Not a particularly extesive write up but, here’s a few points I thought I’d note about things I came across when setting up Pelican.
While this blog has only been set up for the sole purpose of giving my ramblings a platform and helping pass whatever knowledge I possess, I also want it to look nice.
After trawling through pelicanthemes I found the theme that is currently in use as of writing, which is Pelican Clean Blog. Pelicanthemes is a really nice site which gives you the ability to brose the themes and choose which is right for you.
I chose to use Amazon S3 to host this blog, and so to deploy the site I would be using S3cmd. Thankfully if you initially provision your Pelican site with
pelican-quickstart it creates a Makefile that includes an
Problem I found was while the
s3_upload option worked in terms of syncing with the S3 bucket, the CSS files were borked and nothing was displaying properly. This was due to the S3cmd trying to do some funky business with the MIME type. To resolve this I edited the Makefile from:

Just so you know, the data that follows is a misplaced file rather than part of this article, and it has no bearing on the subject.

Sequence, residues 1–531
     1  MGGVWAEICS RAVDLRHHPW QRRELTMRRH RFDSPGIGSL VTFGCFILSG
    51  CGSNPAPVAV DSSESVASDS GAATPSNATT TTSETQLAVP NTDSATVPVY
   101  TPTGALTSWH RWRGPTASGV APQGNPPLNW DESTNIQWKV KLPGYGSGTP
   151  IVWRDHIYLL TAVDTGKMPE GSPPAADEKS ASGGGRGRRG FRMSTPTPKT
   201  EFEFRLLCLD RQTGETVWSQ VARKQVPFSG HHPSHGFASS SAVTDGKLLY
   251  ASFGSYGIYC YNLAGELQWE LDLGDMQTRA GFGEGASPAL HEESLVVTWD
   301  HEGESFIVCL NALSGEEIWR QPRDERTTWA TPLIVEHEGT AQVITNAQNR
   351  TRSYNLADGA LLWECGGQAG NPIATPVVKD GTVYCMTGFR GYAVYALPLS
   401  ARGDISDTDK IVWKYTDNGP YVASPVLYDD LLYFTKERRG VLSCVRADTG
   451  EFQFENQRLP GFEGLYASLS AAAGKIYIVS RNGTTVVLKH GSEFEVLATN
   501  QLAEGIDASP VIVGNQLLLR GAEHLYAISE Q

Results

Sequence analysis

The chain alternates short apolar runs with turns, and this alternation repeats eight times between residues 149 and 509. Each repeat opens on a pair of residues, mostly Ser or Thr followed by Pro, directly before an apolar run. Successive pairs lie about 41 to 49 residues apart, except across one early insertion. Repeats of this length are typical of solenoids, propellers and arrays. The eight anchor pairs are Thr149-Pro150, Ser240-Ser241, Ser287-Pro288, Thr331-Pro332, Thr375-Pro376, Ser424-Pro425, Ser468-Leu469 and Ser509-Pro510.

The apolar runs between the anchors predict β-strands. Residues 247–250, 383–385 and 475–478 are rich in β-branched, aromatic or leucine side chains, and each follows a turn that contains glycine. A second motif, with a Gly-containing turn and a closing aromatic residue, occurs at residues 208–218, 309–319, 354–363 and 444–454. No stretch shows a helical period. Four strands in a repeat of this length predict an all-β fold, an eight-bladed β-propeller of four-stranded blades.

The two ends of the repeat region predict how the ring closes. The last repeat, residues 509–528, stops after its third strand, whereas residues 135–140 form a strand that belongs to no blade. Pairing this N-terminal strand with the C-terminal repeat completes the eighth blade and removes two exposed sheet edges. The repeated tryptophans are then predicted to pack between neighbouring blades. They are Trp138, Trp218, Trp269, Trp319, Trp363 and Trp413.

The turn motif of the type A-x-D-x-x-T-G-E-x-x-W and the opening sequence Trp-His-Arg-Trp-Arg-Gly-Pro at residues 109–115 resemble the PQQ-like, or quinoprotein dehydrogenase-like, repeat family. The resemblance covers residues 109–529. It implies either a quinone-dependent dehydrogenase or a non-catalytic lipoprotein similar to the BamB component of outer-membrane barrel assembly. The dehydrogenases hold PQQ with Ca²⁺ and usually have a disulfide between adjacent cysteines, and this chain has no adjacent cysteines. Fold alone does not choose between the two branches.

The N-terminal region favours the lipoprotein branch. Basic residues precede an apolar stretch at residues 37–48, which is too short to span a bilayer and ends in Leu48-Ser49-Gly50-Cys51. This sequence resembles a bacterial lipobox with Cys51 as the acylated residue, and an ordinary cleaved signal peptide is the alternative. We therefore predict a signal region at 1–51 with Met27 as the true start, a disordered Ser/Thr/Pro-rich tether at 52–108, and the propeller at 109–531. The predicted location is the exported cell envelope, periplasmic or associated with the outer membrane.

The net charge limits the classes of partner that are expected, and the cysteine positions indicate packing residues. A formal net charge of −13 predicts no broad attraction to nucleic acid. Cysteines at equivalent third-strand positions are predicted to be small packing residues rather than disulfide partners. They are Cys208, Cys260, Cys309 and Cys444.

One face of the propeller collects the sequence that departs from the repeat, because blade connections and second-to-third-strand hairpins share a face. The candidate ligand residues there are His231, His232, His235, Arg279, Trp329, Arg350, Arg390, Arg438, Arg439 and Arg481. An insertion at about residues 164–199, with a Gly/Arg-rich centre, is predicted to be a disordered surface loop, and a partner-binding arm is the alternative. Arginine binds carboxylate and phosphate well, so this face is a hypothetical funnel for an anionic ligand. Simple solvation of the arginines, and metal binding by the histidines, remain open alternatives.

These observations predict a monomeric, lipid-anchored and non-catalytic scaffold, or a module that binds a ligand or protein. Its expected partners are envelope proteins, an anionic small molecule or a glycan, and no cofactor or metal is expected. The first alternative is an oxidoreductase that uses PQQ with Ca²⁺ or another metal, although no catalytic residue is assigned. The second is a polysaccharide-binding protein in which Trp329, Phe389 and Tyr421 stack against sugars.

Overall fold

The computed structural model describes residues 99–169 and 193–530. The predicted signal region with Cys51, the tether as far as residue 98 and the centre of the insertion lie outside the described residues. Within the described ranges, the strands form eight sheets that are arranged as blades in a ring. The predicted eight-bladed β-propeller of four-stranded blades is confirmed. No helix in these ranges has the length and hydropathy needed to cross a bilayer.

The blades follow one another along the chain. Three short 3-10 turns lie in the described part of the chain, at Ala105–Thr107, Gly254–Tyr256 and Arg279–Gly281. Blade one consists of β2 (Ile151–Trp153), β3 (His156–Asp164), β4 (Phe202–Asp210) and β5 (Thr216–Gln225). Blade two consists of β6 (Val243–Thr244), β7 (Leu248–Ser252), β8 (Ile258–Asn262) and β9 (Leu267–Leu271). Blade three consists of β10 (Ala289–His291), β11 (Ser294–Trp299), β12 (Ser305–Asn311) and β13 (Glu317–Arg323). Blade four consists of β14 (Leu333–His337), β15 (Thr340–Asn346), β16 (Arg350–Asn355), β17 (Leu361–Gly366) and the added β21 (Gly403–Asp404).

s3cmd sync $(OUTPUTDIR)/ s3://$(S3_BUCKET) --acl-public --delete-removed --guess-mime-type
s3cmd sync $(OUTPUTDIR)/ s3://$(S3_BUCKET) --acl-public --delete-removed --no-mime-magic
This just essentially stops S3cmd guessing the MIME-type and uses the default type instead.
While the documentation also states it’s best practise to use Virtualenvs, I just want to reiterate how worthwhile it is.
I had a problem initially trying to display articles that had been written in markdown, which I was then able to resolve using Virtualenvs. My Markdown pip installation seemed to be a little spaffed however, I wasn’t aware this was the case and thought the article was somehow incorrect. After some creative swearing and countless re-reads of the documenation, I created a Virtualenv and did a fresh install of
virtualenv pelican cd pelican && source bin/activate pip install pelican markdown
My articles then magically appeared and all was well in the world.